Survivors from the world of drug addiction and the dark world of sex trafficking and violence often have heart-wrenching stories; girls and women with so much potential, lost to the pain and suffering of sexual exploitation. The hope in these stories can be found in the resiliency of survivors and their ability to create meaningful lives for themselves, even in the face of tremendous adversity.

The story of LD, a thriving business owner, is one of these stories of hope. LD owns a gallery and coffee shop in the center of a blossoming artist district in downtown Phoenix, Ariz., and is also an active member on a handful of boards of directors. Although she is now a proud small business owner, like many survivors of sex trafficking, the path she traveled to get to this place was harrowing, dangerous and filled with struggles.

As a child, LD was surrounded by artists and musicians in Greenwich Village in New York and in Alabama, an experience that taught her from a very young age the value of the arts. She grew up, married, had a son, and worked as an executive for a large convention group and traveled around the country speaking. During those years, LD describes feeling set apart and terribly unhappy and as a result she began drinking heavily.

In her professional life she found that her charm coupled with the alcohol brought her attention that relieved her feelings of discontent. She became increasingly dependent on nightlife, spending most evenings in bars. Eventually, she was introduced to crack cocaine and as a result, left her 11-year marriage, child and career.

It was a quick decline as LD became immersed in the drug use; soon she had lost everything and was living in burnt out cars and struggling every day with her addiction. Hoping a change in her environment would help her sober up, she traveled from Florida to Arizona, but ended up living on the street, sleeping behind bushes and being sexually exploited daily.

Change is a difficult and lengthy process, and like many who have struggled to overcome addiction and sexual exploitation, LD’s road to recovery was long and winding. She tried multiple times to get out of the “life” of sex trafficking and prostitution, finally finding a source of strength and joy within her art.

She began to draw and sketch during one of her stays in jail, and realizing she was a good illustrator, began to sell her work as a way to earn money to get the things she needed from the commissary.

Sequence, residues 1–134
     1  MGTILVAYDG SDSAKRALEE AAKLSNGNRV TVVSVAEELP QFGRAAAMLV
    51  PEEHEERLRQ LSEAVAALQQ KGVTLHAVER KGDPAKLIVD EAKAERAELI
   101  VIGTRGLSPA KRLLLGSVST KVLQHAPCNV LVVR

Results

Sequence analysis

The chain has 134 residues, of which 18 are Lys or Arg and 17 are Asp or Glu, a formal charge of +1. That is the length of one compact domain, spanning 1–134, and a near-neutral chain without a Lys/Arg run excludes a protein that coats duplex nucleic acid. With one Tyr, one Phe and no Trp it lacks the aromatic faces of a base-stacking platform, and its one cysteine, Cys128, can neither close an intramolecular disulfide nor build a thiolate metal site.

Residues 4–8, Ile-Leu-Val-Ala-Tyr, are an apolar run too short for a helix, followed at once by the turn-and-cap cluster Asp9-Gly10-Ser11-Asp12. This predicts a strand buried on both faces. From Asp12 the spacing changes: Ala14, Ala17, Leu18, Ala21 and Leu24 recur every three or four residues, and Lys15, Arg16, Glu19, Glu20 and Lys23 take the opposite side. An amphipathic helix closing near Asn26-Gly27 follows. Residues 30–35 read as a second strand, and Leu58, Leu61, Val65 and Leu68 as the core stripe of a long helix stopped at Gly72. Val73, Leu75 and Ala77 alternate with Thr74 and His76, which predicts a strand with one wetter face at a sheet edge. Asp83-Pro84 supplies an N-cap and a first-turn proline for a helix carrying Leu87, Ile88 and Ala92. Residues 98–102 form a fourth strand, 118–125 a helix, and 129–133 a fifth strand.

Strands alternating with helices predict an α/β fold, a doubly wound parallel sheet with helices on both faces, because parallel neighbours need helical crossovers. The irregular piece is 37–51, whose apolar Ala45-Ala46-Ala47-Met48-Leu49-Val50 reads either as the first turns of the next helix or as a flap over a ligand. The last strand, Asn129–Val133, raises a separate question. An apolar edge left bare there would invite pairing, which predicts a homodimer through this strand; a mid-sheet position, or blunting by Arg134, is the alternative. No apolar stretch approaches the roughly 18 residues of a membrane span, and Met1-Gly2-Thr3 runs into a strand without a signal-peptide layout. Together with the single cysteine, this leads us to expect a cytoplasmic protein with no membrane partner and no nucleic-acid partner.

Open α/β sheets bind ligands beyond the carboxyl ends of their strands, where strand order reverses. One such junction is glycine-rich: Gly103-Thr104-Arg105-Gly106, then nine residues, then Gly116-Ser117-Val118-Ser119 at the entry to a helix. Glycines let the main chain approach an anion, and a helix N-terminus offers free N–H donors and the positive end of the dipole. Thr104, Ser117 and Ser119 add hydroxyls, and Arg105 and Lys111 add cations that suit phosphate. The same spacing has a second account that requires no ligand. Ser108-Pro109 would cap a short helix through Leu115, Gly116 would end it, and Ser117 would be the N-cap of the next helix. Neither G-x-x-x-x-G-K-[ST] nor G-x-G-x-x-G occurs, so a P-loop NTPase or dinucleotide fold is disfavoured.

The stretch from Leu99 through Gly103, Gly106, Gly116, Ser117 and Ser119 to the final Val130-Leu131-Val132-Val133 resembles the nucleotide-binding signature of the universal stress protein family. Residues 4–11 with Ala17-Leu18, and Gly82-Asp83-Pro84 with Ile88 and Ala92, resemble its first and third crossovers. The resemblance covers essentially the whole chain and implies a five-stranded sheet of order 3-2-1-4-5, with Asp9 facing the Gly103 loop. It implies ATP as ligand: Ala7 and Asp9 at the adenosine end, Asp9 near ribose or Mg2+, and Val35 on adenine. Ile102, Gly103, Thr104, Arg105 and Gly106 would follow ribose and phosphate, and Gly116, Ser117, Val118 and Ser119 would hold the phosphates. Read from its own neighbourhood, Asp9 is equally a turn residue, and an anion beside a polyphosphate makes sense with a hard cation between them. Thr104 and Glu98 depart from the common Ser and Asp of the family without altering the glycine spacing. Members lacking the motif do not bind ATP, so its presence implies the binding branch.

While in jail serving time for a prostitution charge, LD met her sponsor. Eventually, she began asking questions like, “Who am I, and why am I living this way?” LD began to explore the role she was playing in the way her life was going.

Once she was released from jail, she entered into a residential recovery program and actively engaged in the City of Phoenix Prostitution Diversion program. Diversion is an intensive outpatient program and LD said that receiving these services really helped her work through her addiction.

During her recovery process, she began to give back to her community. LD has lead hundreds of 12-step meetings, continues to sponsor many individuals also in recovery and is a mentor to several sex trafficking and prostitution survivors.

LD has been in recovery and out of sexual exploitation for four and a half years. She has steadily rebuilt her life, maintains a full-time job, has been renting the same house for four years and has reconnected with her son.

Ten months ago, LD opened the gallery in Phoenix. This gallery is a space to show beautiful art and drink coffee, but also a place to fund-raise and give back to the community. A percentage of sales and event fees are donated to various social service groups. LD has been very successful in her fundraising endeavors and was able to raise $2,000 for ChildhelpUSA.

In reflecting on her life today as a gallery and coffee shop owner, LD said, “I am responsible for everything — every decision.” Starting a business was a huge leap of faith for LD, who is now 50 years old with no retirement or 401K. “So much has been given to me in my life through the kindness and support of the women who have walked the path of recovery before me, but starting this business was totally on my own. I tried to work with a business assistance organization and they told me that I would need over $100,000 as a start.” Not having that kind of seed money, LD did all of the renovations on the building herself with the help of her friends

She wishes that there was more assistance for women like her. There seems to be very little in the way of mentorship or support in the business community in general to assist people who are working so hard to recreate their lives. It takes up to two years in some instances to even qualify for a small business loan, if you can survive for two years.

LD says she has had to fumble her way through the process of learning to handle accounting, bookkeeping, staffing and tax laws by trial and error. Although keeping the doors of her gallery open is still a struggle, she is totally focused on “creating an environment that supports art and the community in a humanitarian way.”

Editor’s note: This is an excerpt of a conversation with Dominique Roe-Sepowitz, associate professor of social work, Arizona State University, Phoenix, Arizona, drawn from her work with a person called “LD” in this article.

John Hoffmire is director of the SaÏd Business School Venture Fund at the University of Oxford.